Album Review: The Mars Volta – Noctourniquet

Matthew Benton 5 May 2012

The Mars Volta – Noctourniquet

Track to download: Vedamalady

3/5

Noctourniquet is The Mars Volta’s first studio effort in three years – their longest gap they have ever had between albums. It is therefore not surprising that this enigmatic record comes with a distinct sense of transition. Supremo Omar Rodriguez-Lopez, renowned for his creative energy, is stepping down as ‘dictator’ (fans of post-hardcore take note: Omar’s other outfit, At the Drive-In, are back!). In his own words, ‘something has to change’. Change certainly has arrived – this is no Octahedron, which is smaller in scope and outlook – but it sits slightly uncomfortably.

Weighing in at 64 minutes, and centred on a narrative surrounding Hyacinthus and Solomon Grundy (who? I hear you cry), Noctourniquet is suitably ambitious. The key to a successful concept album sort is finding the balance between a unifying theme and individuality. In this instance, there is too much of the former and too little of the latter.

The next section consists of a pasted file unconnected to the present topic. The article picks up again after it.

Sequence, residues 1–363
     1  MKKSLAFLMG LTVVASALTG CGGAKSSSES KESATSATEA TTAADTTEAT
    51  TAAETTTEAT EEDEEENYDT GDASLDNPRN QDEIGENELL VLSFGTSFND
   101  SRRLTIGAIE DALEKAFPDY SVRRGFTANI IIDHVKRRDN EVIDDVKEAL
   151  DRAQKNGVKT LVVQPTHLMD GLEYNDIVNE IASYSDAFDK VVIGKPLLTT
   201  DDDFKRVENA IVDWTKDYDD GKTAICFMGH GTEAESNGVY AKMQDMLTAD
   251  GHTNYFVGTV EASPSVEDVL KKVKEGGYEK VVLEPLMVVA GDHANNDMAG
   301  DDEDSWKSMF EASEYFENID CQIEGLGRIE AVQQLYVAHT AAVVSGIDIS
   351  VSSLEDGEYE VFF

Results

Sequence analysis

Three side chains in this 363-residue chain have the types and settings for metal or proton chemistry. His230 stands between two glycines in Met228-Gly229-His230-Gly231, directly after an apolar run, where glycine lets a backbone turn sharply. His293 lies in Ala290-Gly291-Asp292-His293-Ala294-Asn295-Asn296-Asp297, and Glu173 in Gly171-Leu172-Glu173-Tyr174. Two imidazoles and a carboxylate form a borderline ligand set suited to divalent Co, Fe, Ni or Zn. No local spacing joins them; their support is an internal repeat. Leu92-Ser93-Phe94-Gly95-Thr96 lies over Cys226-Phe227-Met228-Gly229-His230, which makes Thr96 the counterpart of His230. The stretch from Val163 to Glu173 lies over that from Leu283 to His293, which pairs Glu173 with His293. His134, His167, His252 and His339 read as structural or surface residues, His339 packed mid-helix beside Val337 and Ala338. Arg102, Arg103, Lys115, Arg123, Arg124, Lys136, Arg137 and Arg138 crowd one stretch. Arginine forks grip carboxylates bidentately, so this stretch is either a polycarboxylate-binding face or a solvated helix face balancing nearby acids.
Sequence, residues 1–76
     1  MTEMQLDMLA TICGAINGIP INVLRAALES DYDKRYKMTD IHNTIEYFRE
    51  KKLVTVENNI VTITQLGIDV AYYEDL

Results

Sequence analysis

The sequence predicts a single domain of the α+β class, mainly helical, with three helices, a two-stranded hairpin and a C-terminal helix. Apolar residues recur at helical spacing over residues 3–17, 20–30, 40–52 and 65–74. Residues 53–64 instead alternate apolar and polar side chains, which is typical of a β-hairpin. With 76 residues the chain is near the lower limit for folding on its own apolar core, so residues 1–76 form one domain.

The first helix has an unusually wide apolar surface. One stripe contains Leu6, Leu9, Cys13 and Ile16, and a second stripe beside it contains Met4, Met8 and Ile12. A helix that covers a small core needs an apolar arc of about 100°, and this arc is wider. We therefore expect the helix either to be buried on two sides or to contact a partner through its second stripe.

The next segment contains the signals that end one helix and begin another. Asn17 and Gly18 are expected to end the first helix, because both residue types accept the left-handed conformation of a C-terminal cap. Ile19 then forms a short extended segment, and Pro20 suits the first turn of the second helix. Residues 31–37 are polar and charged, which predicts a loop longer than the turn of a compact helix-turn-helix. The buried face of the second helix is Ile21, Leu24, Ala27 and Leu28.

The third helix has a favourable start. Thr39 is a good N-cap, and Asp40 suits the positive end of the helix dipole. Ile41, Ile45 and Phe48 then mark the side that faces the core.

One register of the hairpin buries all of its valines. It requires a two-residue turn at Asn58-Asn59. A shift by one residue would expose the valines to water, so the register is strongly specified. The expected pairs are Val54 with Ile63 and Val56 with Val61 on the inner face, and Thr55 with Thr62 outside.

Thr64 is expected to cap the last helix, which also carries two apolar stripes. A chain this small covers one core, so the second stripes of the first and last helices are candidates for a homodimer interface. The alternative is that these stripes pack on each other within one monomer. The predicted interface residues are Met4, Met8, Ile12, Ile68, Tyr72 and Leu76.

There is a grand sense of architecture – synths dominate throughout – but as a result, it is guilty of too great a cohesion, too much of the same atmosphere. Disparate gems such as Vedamalady and Lapochka are nearly swallowed up by the overly-thick background sounds. The best moments in this album definitively fall into the ‘less-is-more’ basket.

The Mars Volta are by no means the most self indulgent prog group around, but at times Noctourniquet suffers under the weight of its own grandiosity. That said, it’s still not a bad record. If this only a transition for the band, then the future doesn’t look too bad.

Matthew Benton